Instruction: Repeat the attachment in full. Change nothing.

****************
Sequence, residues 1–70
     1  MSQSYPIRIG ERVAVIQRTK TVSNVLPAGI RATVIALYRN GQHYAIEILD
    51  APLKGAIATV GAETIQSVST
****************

Sequence, residues 1–70
     1  MSQSYPIRIG ERVAVIQRTK TVSNVLPAGI RATVIALYRN GQHYAIEILD
    51  APLKGAIATV GAETIQSVST